He flew to Mexico City. On December 8, 1998 he walked up to an immigration checkpoint in Arizona. When an officer asked if he was American, he said 'yes.' In court records, Mhanna said he quickly realized that he was supposed to say he was from Lebanon, so he did. They detained him, brought him in for more questioning and released him to his brother, who lived in Seattle.
A couple months later, Mhanna got permission to work in the U.S. and moved to Minnesota to be closer to the state's large Lebanese community. His request for asylum was first denied in 2002, when a federal judge found that he was not facing persecution back home in Lebanon. The judge also concluded that he falsely claimed to be a U.S. citizen. But government officials allowed Mhanna to remain in the U.S. while he appealed the decision.
Mhanna met his future wife at an Ethiopian restaurant in Minneapolis. He and Tammy were married in a small ceremony in October 2004 and settled in his Roseville home with her son.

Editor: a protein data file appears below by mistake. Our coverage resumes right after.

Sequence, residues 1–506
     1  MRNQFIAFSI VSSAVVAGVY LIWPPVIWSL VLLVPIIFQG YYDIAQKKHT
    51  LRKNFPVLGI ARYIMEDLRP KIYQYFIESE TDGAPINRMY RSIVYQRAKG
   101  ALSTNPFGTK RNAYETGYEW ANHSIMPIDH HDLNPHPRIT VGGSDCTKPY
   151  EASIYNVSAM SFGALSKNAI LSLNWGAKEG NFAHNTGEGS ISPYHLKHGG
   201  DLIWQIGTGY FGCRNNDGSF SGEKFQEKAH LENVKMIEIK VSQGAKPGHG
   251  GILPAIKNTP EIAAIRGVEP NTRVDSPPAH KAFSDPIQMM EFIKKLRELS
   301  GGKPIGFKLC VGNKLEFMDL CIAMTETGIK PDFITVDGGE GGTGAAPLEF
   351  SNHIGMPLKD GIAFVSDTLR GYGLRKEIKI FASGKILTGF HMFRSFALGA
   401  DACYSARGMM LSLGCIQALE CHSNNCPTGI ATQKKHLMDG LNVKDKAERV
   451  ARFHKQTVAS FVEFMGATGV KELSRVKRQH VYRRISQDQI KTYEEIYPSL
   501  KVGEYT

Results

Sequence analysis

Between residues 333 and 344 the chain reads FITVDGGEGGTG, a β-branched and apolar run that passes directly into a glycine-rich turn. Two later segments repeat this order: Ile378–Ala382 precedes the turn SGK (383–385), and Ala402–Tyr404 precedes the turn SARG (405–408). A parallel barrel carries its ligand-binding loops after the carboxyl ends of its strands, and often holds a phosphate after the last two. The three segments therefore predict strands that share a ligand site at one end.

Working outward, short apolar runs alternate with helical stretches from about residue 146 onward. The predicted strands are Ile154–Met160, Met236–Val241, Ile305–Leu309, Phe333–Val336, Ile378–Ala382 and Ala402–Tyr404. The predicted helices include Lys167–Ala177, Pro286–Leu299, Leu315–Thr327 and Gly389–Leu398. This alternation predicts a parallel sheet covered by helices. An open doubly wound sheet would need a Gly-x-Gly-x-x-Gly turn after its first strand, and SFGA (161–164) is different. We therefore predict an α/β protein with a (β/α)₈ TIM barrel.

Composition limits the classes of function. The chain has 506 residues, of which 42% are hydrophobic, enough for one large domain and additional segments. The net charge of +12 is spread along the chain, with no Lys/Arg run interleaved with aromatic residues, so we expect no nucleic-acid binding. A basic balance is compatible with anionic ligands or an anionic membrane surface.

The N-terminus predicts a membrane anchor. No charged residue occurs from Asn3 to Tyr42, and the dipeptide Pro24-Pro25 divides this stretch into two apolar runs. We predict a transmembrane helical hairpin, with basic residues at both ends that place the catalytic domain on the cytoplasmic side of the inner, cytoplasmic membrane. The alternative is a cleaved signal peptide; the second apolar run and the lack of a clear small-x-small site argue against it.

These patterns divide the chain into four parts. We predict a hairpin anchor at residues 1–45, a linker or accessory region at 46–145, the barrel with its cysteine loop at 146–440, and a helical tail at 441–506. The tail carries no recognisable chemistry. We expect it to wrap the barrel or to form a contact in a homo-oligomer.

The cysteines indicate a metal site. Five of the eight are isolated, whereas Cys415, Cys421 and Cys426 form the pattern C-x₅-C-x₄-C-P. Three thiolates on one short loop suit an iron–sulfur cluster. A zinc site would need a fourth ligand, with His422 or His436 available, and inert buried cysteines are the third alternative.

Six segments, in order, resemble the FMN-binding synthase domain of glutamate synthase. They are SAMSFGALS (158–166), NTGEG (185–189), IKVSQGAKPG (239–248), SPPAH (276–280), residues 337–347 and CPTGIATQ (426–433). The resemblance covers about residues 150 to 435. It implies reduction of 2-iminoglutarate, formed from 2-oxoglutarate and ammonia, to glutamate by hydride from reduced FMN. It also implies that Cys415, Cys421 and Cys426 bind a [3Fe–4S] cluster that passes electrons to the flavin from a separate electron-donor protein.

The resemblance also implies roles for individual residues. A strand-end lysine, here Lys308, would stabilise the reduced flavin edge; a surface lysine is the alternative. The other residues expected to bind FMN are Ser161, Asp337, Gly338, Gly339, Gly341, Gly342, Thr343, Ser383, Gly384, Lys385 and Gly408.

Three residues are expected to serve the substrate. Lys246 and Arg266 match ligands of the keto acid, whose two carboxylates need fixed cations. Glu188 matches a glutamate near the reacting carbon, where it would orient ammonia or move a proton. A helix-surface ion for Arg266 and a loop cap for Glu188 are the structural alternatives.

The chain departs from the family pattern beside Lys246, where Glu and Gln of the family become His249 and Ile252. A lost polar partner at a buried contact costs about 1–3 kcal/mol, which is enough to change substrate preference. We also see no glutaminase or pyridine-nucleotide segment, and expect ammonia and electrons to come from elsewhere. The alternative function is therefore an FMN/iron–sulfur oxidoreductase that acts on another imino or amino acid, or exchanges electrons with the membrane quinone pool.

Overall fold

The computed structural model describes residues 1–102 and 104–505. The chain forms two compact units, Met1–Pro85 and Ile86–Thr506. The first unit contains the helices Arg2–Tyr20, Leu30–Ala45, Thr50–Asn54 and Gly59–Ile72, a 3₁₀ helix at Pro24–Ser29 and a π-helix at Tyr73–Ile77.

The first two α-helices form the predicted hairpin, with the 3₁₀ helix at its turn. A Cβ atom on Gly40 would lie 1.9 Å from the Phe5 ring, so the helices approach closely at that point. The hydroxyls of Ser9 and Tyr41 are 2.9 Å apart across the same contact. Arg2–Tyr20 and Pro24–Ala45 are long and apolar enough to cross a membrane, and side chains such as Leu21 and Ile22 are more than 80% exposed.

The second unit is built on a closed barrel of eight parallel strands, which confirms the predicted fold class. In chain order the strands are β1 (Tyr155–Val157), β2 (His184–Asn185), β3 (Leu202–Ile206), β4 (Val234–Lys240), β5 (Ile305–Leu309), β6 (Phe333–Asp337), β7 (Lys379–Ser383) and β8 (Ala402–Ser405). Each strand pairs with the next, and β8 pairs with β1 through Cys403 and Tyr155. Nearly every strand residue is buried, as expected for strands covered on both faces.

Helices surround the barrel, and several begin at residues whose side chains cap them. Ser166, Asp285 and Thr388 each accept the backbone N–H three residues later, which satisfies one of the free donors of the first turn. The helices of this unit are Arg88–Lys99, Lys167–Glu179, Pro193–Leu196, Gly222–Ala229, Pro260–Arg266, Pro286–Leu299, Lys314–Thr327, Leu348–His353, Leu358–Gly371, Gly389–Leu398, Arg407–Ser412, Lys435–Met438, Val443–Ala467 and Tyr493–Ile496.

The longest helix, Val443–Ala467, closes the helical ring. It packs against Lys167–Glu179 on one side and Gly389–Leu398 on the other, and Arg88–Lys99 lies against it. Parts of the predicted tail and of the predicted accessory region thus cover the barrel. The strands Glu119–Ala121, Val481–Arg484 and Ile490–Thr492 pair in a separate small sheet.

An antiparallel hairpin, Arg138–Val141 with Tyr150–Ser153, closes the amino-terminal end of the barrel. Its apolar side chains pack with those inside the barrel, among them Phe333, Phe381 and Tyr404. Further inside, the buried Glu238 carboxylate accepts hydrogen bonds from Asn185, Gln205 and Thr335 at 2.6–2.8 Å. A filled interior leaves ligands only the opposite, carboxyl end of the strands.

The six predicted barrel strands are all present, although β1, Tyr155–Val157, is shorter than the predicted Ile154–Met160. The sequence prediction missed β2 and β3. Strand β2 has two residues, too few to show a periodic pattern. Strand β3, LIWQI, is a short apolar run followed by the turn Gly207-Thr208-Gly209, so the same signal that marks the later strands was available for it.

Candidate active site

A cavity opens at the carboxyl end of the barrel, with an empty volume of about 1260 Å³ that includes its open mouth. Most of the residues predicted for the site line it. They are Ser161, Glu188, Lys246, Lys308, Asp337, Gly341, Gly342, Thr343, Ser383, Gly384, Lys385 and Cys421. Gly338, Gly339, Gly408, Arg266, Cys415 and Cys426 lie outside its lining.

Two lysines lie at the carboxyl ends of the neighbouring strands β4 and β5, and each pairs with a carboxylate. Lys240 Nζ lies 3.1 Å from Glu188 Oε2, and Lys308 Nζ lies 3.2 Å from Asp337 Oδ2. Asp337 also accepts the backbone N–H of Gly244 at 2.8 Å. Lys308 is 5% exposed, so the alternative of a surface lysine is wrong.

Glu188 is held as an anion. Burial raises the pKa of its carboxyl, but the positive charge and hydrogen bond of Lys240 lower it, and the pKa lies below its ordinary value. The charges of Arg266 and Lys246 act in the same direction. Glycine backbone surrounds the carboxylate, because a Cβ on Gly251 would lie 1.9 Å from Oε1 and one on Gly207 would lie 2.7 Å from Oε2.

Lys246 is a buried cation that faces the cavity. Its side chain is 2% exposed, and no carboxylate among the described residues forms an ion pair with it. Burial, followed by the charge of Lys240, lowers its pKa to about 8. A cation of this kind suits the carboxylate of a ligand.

A few months after they were married, the Board of Immigration Appeals again denied his request for asylum. His lawyer missed a 45-day deadline to file another appeal, which laid the groundwork for deportation proceedings.
In 2005, the U.S. government ordered Mhanna out of the country, but the Ninth Circuit Court of Appeals continued to give him permission to live in the U.S. while he tried to reopen his case.
Last fall, things started looking better for Mhanna. An administrative law ruling forced the government to reconsider residency for people who were married to Americans but had been told to leave the country.
In December, the Ninth Circuit Court of Appeals agreed to hear his appeal in the asylum case, but for the first time in more than 10 years, they revoked his ability to stay in the country. On December 29, when he checked in at the U.S. Immigration and Customs Enforcement office in Bloomington, Mhanna was taken into custody.
His family still held out hope that his marriage to Tammy would allow him to become a permanent resident, but in January that application was denied. The government official who denied the application said he wasn't eligible because of his false claim to citizenship 11 years earlier.
"It's never ending and it's never winning,'' Tammy Mhanna said.
Lora Pabst • 612-673-4628